Exploring Homelessness Among People Living in Encampments and Associated Cost: City Approaches to Encampments and What They Cost
As of 2019, homeless encampments were appearing in numbers not seen in almost a century. The growth of encampments mirrored the increase in unsheltered homelessness overall and seemed to reflect a complex set of societal factors, including a lack of affordable housing and the persistence of deep poverty and chronic homelessness. Even before the COVID-19 pandemic, nationwide, communities were struggling to respond to public pressure to relocate people living in encampments and prevent the formation of new encampments with only a weak knowledge base on which to structure that response.
This study lays out a novel framework for approaches to encampments in cities around the country: clearance with support, clearance with little or no support, tacit acceptance, and formal sanctioning. Local officials in the four cities that were the main focus of this study – Chicago, Houston, Tacoma, and San Jose – generally converged on a common strategy for responding to their most visible encampments “clearance and closure with support.” In this approach, clearance (removing structures and personal belongings from the encampment) and closure (preventing people from returning to the encampment) have followed resource-intensive outreach to help connect encampment residents with needed services to try to ensure that every resident has somewhere to go at the point of encampment closure. Annual spending in fiscal year 2019 related to community responses to encampments ranged from $3,393,000 in Houston to $8,557,000 in San Jose. The cost per unsheltered homeless person ranged from $1,672 in San Jose to $6,208 in Tacoma. Across the four cities, the greatest expenditures related to encampment-related activity were for outreach, while efforts related to cleaning, clearance, and shelter/housing placement varied considerably based on local priorities and approaches. This study was not designed to measure the relative effectiveness of approaches to encampments. However, these findings demonstrate that permanent resolution of any given encampment (resolving homelessness for the people in the encampment, and preventing formation of a new encampment at that site) requires substantial investment, both in services and housing/shelter options, but that mitigation, management, and removal efforts in isolation all come with considerable costs.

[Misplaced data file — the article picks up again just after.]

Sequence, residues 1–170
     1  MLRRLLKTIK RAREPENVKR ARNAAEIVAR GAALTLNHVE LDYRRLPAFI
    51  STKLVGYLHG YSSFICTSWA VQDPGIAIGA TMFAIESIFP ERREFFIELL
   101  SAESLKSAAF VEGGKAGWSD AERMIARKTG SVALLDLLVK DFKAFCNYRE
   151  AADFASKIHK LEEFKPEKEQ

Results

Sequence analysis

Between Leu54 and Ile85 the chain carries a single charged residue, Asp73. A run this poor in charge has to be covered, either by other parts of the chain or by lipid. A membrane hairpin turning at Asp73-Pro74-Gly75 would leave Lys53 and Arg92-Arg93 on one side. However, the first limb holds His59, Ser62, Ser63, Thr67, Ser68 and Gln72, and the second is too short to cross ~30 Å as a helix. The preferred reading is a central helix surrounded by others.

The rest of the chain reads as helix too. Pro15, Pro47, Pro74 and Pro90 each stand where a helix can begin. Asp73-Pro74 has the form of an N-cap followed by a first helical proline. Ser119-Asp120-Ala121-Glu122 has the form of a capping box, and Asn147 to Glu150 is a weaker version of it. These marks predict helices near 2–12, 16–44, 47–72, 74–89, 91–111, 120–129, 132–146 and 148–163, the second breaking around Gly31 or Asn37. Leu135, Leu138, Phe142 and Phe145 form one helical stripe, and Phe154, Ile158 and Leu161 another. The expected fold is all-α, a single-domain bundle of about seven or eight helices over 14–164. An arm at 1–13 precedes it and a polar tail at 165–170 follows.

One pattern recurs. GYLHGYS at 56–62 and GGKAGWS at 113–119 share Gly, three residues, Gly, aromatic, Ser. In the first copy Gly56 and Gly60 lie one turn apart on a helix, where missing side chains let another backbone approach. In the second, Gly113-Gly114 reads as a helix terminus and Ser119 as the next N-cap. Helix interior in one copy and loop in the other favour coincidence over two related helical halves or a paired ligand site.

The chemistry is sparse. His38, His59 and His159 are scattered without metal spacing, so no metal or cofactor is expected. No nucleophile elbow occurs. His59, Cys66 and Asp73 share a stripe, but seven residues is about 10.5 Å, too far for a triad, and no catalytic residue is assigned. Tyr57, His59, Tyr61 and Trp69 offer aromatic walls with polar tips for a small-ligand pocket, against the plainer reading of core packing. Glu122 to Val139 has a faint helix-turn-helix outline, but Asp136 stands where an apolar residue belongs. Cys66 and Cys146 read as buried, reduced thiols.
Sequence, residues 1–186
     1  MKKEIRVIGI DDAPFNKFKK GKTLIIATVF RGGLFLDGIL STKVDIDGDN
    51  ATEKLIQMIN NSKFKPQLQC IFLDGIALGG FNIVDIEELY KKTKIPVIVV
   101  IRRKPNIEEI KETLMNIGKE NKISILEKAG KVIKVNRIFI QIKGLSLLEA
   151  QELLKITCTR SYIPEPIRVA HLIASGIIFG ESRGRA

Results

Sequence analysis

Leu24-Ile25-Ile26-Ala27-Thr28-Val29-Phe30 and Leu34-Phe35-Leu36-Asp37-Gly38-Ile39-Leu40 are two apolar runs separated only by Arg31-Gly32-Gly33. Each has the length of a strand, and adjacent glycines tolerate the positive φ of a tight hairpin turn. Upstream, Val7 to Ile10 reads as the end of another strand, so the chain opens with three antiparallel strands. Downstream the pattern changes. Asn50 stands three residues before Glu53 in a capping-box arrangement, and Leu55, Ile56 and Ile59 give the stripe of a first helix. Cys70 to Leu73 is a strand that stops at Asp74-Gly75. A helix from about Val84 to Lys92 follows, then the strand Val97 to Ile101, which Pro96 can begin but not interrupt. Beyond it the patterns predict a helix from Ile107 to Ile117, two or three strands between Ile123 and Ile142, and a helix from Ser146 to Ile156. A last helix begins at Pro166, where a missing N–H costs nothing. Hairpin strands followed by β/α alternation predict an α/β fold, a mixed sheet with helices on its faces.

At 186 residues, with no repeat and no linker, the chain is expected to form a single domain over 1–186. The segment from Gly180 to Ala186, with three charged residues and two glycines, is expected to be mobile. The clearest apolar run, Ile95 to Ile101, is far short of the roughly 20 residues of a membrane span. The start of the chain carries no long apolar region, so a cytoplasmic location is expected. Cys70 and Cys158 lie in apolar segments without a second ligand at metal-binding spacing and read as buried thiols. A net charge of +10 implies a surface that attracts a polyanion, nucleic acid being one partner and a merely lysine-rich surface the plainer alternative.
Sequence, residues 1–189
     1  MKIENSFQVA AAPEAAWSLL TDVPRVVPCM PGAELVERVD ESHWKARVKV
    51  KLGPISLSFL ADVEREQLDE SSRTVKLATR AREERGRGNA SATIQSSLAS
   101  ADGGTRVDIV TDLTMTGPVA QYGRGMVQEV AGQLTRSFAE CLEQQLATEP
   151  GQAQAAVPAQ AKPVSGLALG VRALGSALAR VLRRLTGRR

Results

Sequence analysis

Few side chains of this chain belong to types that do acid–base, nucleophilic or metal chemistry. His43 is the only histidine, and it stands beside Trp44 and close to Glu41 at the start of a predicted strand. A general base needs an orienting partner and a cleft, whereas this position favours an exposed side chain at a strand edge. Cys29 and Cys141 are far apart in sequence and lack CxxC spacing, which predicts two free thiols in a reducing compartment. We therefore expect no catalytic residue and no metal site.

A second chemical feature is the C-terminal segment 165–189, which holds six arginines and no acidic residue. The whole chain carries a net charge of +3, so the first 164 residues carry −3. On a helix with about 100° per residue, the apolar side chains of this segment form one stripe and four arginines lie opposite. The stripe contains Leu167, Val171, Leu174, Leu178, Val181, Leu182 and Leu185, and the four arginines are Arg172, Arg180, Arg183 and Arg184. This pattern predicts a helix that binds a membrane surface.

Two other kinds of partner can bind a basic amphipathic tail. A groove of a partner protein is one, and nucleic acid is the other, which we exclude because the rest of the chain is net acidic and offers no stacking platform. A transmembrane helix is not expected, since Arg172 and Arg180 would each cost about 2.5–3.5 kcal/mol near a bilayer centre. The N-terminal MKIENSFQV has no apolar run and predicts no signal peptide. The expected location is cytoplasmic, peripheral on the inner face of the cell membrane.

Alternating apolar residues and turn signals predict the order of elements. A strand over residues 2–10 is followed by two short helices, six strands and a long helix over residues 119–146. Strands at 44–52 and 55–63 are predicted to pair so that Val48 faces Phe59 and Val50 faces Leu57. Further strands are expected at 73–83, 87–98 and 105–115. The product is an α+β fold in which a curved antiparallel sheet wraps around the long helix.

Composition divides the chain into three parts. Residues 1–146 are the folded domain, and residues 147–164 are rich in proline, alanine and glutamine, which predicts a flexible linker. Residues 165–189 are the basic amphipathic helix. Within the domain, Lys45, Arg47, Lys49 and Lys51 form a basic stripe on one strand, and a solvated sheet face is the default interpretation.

This report is part of the Exploring Homelessness Among People Living in Encampments and Associated Costs study. Click here to learn more about this study.